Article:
How to speak to Children about Alzheimer’s disease

I have been speaking to children who have been affected by Alzheimer’s disease . They may be children of a loved one or they may be grandchildren.

The young people need to talk about their feelings as changes occur. These feelings may include:

•grief and sadness at what is happening to someone they love

•anxiety about what will happen to the person in the future

•fear, irritation or embarrassment

•boredom – due to hearing the same stories and questions over and over again

•a sense of loss if their relative doesn’t seem to be the same person that they were, or because it isn’t possible to communicate with them in the same way anymore

•anger or rejection if other family members are under pressure and seem to have less time for them than they had before.

Tips to help discuss the situation effectively.

•Explain the situation as clearly and calmly as possible.

•Make the point more clearly by giving practical examples of behaviour that might seem strange, such as the person with dementia forgetting where they are

•Focus on the things that the person can still do, as well as those that are becoming more difficult.

•Try to be patient. You may need to repeat your explanations on different occasions, depending on the age of the child or young person.

•Ask how the person’s illness makes the child feel. Listen carefully to what they have to say and try to imagine the situation from their point of view so that you can find out exactly what might be worrying them.

•Use humour. It often helps if you can laugh about the situation together.

It is time to speak to all about Alzheimer’s disease as we remember our loved ones for who they were before the disease

Alzheimer’s Disease is in Kenya … By Elizabeth Mutunga

As I create  awareness, I meet with lots of people and they tell me lots of things.  The other day I met with someone who asked what I was doing and I mentioned I am creating awareness about a disease called Alzheimer’s.  She looks at me and tells me ‘ my dear that disease is not in Kenya… that is a disease for the Western world’ .  Her sentiments were valid…  The first time I was told my father has Alzheimer’s disease I thought the same too.  The other day was in a church creating awareness and the same sentiments were repeated.

I need to inform my fellow Kenyans the disease is in Kenya.  Most of us do not understand what we are dealing with and truth be told by the time we seek help we have been frustrated, angry and at the point of despair.  The difference between us and the Western world is that there is a lot of awareness on the disease and when someone notices there is something wrong with their memory they will seek help immediately.  This is one of the reasons that makes me wake up each morning and go about talking to people and creating awareness.  Once there is awareness , there will be less stigma and we will have a community that is friendly to Alzheimer’s and Dementia in Kenya .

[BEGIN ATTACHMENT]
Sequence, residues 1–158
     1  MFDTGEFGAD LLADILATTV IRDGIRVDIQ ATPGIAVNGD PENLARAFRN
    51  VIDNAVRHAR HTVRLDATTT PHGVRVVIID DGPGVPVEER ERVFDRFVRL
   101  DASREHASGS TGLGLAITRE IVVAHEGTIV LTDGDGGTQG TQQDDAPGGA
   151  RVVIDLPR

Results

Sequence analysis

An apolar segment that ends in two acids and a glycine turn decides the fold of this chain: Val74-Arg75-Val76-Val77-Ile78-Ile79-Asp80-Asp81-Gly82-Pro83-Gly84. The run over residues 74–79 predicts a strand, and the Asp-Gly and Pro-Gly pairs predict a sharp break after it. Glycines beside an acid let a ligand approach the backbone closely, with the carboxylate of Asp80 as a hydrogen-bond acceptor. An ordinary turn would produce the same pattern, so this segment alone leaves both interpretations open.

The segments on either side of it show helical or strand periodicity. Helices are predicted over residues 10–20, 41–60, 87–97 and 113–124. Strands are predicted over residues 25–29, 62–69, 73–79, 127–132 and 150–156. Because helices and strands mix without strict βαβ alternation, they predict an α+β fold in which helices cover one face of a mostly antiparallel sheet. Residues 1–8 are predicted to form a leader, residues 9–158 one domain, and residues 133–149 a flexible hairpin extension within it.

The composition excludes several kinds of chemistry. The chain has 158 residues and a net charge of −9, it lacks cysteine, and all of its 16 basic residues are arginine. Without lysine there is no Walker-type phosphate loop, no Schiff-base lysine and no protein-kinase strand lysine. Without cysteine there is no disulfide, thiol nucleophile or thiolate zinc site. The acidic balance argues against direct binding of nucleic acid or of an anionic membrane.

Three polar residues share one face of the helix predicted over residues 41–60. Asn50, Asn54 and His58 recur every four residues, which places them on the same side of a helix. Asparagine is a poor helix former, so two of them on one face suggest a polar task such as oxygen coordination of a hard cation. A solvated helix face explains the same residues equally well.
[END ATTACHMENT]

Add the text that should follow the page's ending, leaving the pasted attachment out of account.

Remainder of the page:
Every day I meet families that have been affected by the disease and when you invite them for the support group and they realise they are not alone..  this knowledge gives them hope to move on.. I long for the day these families will get help from the Government as the people who are usually affected are usually the bread winners of the family and thus the family does not have a source of income.  As they are still grappling with this devastating disease the primary caregiver will be a family member and thus there is no one able to go out and fend for the family thus most of them go through a financial crisis.

Lets keep talking create awareness, reduce stigma and to have a friendly dementia community…

Power of Sharing – Alzheimer’s Caregivers

Each day as I create awareness there are new lessons to learn. Yesterday I learnt about the power of sharing… Many times we think we are the only ones going through a difficult moment until we start sharing then we realise …wow there is someone else going through a greater challenge than we are and this teaches us to be grateful .

Sharing also helps us realise that we are not alone there are others we can lean on…. A shoulder to cry on moves you from a desperate situation to a position of ‘I can make it’…. What changed your perception? the power of sharing …..

Let us always lean on each other for support…